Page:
I have an application which needs some verifications for some fields. One of them is for a last name which can be composed of 2 words. In my regex, I have to accept these spaces so I tried a lot of things but I did'nt find any solution.

Here is my regex :


The \s are normally for the spaces but it does not work and I got this error message :

parsing "^[a-zA-Zàéèêçñ\s][a-zA-Zàéèêçñ-\s]+$" - Cannot include class \s in character range.

ANy idea guys?

  • 1
    Other topic, but have a look into Unicode properties. \p{L}, this is matching a letter in any language, so your expression would look like @"^[\p{L}\s][\p{L}\s-]+$" is a lot nicer and you don't have to think about each special letter. – stema Apr 18 '13 at 8:35
up vote 10 down vote accepted

- denotes a character range, just as you use A-Z to describe any character between A and Z. Your regex uses ñ-\s which the engine tries to interpret as any character between ñ and \s -- and then notices, that \s doesn't make a whole lot of sense there, because \s itself is only an abbreviation for any whitespace character.

That's where the error comes from.

To get rid of this, you should always put - at the end of your character class, if you want to include the - literal character:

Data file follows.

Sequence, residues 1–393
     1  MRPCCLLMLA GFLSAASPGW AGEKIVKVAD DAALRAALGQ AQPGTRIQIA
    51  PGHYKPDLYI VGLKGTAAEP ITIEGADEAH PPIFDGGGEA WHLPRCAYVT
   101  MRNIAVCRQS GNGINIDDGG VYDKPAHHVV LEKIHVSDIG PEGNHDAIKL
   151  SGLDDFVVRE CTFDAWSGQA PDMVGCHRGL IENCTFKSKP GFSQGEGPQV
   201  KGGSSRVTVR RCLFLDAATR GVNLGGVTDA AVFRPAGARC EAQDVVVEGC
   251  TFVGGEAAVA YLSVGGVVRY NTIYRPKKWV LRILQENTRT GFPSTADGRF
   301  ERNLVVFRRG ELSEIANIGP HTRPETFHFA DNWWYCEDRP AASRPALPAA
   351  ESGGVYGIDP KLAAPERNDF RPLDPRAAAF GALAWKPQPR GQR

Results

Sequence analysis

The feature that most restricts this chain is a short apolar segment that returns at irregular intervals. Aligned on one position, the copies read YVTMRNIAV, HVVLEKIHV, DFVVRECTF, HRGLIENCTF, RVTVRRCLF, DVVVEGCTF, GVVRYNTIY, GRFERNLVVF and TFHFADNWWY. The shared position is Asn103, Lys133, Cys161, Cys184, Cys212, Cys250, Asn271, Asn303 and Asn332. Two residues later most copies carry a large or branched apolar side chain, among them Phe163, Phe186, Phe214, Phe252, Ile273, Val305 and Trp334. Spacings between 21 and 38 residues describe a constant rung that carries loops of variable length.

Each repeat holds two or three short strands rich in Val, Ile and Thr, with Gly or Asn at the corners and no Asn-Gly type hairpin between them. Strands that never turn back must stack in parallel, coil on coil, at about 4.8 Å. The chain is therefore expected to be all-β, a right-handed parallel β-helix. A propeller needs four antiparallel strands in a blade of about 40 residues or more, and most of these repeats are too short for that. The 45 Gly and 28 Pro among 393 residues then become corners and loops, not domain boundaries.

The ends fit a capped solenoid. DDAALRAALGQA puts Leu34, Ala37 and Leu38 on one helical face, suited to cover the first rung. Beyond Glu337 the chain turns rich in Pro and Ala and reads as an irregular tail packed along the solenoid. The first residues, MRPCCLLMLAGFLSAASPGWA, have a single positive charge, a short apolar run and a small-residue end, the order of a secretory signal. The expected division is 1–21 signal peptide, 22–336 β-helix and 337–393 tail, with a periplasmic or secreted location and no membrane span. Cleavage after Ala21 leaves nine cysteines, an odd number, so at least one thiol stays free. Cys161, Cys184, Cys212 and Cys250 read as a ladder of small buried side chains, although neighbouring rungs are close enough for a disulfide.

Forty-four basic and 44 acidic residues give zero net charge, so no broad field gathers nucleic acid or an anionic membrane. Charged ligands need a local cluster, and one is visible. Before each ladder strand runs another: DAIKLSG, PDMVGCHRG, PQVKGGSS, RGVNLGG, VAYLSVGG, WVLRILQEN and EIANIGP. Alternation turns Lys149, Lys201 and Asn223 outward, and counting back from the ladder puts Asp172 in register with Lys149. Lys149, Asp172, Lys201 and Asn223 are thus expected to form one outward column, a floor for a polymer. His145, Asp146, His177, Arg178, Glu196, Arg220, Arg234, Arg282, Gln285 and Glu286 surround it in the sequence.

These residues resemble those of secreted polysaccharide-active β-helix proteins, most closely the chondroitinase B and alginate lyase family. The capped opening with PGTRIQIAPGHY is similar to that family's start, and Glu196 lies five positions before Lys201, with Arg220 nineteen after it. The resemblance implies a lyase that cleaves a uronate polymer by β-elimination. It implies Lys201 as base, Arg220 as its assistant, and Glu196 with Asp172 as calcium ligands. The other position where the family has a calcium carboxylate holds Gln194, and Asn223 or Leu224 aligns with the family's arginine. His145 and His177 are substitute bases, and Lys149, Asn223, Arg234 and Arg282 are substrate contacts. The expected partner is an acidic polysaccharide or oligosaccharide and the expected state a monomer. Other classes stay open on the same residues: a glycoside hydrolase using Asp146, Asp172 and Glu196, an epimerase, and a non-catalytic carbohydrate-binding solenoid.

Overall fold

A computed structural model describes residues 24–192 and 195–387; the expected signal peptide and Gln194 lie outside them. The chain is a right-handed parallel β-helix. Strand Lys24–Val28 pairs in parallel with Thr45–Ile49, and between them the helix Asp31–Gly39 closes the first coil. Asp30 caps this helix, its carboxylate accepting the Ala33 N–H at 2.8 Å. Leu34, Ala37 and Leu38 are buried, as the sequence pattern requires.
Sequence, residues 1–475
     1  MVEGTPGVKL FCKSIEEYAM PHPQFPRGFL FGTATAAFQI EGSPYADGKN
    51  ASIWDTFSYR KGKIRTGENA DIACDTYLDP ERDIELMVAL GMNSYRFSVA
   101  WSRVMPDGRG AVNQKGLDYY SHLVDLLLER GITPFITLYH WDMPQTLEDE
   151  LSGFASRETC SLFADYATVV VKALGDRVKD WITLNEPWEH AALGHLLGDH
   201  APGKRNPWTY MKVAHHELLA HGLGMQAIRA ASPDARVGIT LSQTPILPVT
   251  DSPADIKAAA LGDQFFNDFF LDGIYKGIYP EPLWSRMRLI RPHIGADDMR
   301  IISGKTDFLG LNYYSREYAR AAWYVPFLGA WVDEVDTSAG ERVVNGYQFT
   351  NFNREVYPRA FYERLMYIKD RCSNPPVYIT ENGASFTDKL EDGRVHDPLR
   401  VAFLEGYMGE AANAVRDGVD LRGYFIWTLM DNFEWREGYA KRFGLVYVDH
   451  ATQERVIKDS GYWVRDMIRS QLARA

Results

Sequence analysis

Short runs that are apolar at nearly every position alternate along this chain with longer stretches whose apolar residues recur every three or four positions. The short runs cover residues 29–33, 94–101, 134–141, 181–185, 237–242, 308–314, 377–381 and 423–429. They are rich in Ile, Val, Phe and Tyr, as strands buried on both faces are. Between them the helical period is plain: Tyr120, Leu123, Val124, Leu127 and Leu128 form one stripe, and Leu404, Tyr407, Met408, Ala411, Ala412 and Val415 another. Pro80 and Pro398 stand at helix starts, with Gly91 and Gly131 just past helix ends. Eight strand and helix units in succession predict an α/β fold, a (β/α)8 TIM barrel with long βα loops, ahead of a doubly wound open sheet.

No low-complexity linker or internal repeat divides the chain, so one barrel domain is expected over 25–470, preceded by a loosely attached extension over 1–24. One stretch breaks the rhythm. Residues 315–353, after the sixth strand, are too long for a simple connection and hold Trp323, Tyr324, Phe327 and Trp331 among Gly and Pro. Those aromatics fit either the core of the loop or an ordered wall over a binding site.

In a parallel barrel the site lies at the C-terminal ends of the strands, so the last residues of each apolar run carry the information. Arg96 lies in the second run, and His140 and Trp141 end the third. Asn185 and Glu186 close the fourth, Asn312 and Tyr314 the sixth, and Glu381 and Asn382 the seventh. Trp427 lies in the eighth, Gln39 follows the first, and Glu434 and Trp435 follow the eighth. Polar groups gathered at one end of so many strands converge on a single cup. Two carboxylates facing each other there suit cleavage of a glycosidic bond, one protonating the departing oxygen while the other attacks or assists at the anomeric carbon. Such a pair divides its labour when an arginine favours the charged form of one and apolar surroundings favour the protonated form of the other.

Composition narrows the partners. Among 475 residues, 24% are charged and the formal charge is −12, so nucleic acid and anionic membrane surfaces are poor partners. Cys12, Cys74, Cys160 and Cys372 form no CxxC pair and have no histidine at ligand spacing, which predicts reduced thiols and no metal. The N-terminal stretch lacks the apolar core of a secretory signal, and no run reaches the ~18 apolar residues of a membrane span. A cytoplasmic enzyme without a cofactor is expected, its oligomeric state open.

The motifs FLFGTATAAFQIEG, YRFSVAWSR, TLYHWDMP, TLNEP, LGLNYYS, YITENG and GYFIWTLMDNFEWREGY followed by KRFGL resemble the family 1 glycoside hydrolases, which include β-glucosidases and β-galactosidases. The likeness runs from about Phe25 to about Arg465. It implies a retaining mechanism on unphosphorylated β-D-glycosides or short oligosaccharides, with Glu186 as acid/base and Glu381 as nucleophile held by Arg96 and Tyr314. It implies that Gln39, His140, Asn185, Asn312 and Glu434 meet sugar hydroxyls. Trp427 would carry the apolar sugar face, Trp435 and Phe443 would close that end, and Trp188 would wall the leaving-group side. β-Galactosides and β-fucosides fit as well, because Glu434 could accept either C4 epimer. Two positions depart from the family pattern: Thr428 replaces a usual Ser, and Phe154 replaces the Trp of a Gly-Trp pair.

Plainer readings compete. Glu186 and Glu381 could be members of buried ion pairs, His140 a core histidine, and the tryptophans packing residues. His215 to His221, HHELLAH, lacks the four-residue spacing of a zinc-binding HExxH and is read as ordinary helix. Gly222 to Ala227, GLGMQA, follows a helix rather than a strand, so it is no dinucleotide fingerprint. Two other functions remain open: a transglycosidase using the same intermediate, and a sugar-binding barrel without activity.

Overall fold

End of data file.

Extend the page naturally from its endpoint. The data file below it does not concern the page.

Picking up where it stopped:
This way, the engine knows that \s- is not a character range, but the two characters \s and - seperately.

The other way is to escape the - character:


So now the engine interprets ñ\-\s not as a character range, but as any of the characters ñ, - or \s. Personally, though I always try to avoid escaping as often as possible, because IMHO it clutters up and needlessly stretches the expression in length.

  • 1
    Escaping is less brittle. Say you have a character class for operations: [+-]. Another programmer may change it to [+-*/], breaking the pattern. – Kobi Apr 18 '13 at 8:14
  • I agree, but you can argue that in any way. Say you have a pattern [+\-*] because you can't do divisions. Some day you can do it, and another programmer changes it to [+/-*] because he thinks you just got the slash the wrong way around. Off goes your escaping. So, this is really not an argument for any of the ways. I just value readability a little more, especially in regex because they're complicated enough as it is. – Florian Peschka Apr 18 '13 at 8:16
  • Thanks a lot for your answer ! – Traffy Apr 18 '13 at 8:27

You need to escape the last - character - ñ-\s is parsed like the range a-z:


See also on Regex Storm: [a-\s] , [a\-\s]

[RegularExpression(@"^[a-zA-Z\s]+$", ErrorMessage = "Only alphabetic characters and spaces are allowed.")]

This works

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